“I don’t care who started it!
You’re grounded until you’re 36”
Get your story straight and tell the truth for once, for heaven’s sake
And if all your friends jumped off a cliff would you jump, too?
If I’ve said it once, I’ve said at least a thousand times before
That you’re too old to act this way
It must be your father’s DNA
Look at me when I am talking
Stand up straighter when you walk
A place for everything and everything must be in place
Stop crying or I’ll give you something real to cry about
Brush your teeth, wash your face, put your PJs on
Get in bed, get a hug, say a prayer with mom
Don’t forget, I love you
And tomorrow we will do this all again because a mom’s work never ends
You don’t need the reason why
Because, because, because, because
I said so, I said so, I said so, I said so
I’m the mom, the mom, the mom, the mom, the mom!!
Ta da!!!

Multiple Occupation Mania

Isn’t it lovely to have a group of friends who are so very talented? Here is another delightful look into Motherhood by Karen Forgette. This one appeared in the Oxford Eagle just a week or so ago. Again, my children are shown but don’t let them fool you. They are fabulous actors. (If you didn’t know that you might really think they were sometimes grumpy little monsters!)

A few weeks ago, I read a letter to Dear Abby from a man whose fiancée suffered from multiple personality disorder. The man worried he would not be able to cope with her many personalities and mood swings throughout the course of their marriage. I felt sympathy for him, especially since my own husband was unaware when he married me that I would eventually suffer from a similar disorder known as Multiple Occupation Mania, or MOM for short.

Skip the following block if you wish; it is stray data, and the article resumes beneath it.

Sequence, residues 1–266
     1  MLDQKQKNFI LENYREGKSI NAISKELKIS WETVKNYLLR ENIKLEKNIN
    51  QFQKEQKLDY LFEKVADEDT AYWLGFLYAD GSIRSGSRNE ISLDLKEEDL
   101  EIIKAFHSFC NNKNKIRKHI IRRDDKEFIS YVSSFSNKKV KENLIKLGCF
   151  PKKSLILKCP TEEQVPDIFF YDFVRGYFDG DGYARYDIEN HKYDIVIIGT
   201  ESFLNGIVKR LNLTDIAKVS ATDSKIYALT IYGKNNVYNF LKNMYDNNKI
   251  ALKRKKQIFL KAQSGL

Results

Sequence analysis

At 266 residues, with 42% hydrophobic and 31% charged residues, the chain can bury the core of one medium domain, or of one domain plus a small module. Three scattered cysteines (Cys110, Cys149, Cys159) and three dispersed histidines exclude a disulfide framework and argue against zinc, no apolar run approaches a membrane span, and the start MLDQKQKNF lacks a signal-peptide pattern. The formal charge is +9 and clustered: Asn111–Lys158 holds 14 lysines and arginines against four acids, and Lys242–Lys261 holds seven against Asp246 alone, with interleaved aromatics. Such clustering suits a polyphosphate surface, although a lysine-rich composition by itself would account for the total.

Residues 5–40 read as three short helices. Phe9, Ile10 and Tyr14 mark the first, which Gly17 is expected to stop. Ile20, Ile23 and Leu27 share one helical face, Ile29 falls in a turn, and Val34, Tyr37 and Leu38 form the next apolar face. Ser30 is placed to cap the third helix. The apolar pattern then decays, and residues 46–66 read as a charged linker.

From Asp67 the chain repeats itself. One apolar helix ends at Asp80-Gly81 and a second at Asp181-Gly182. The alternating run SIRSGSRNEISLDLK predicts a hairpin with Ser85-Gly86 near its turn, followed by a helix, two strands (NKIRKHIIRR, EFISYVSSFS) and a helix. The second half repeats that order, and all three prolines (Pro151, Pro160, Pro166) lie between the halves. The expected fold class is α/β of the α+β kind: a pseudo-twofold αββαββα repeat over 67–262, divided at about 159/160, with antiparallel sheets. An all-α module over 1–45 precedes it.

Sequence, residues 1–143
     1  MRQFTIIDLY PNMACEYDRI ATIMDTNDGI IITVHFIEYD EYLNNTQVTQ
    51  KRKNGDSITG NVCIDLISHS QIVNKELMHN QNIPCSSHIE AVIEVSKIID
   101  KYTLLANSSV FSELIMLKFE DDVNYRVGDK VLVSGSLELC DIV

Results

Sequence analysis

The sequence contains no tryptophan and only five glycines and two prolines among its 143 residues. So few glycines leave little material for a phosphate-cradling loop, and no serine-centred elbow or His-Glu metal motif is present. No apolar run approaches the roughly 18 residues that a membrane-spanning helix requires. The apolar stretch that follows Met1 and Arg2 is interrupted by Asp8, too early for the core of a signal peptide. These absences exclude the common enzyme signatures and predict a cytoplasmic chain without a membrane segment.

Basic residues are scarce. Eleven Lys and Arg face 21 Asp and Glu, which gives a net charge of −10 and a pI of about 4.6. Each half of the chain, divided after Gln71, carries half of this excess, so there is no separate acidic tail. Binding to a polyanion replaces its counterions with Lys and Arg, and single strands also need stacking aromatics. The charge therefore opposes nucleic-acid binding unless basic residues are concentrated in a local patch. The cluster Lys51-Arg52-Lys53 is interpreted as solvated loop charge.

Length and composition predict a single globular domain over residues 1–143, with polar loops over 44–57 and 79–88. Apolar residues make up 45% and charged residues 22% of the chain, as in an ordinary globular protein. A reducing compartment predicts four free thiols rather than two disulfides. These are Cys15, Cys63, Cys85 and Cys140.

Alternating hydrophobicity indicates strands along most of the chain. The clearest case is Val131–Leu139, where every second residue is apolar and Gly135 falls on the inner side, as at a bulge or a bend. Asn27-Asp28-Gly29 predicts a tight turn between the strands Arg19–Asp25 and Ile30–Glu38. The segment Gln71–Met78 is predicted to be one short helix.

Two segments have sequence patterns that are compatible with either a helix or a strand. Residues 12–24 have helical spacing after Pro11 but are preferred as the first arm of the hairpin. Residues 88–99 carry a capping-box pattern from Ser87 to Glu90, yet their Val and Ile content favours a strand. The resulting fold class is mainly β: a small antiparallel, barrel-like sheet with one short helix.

Multiple Occupation Mania is characterized by a woman’s rapidly changing perception of her profession. For example, a MOM sufferer may begin her day believing she is a time management expert. Her job is to ensure her clients are awake; fed; clothed; equipped with necessary homework, backpacks, sports equipment, permission slips, lunches, and snacks; and sent to school within a 45 minute time frame, 30 minutes on a good day. This state is characterized by the frequent utterance of such phrases as “Hurry,” “You should have told me that yesterday,” and “I thought you finished that last night.”

Occasionally during this phase, a MOM sufferer abandons her efficiency expert persona to become a search and rescuer. This search and rescue stage is easily triggered by unanticipated remarks such as “I can’t find the black leggings I need to wear for picture day” or “Who took my pre-algebra book?”.

As her day unfolds, a woman who has been diagnosed with MOM spins in and out of several occupational personas. She may perceive herself as a chauffeur. During this phase, she can be heard muttering, “If I pick child #1 up from school at 3, I can grab #2 at the church at 3:12, and #3 from Stone Park at 3:17. Then #1 goes to Scouts, #2 goes to piano, #3 goes to the dentist, and I’ll swing by the grocery for rotisserie chicken.” At other times she may believe she is a personal shopper. She will stride through the stores, list in hand, checking off socks for Matt, a birthday present for Christie, deep purple nail polish for Annie, and a dwarf camellia for the back yard. At home, she may morph into a judge, staring solemnly at her son and pronouncing, “For shoving your sister, you are sentenced to two days of extra chores.”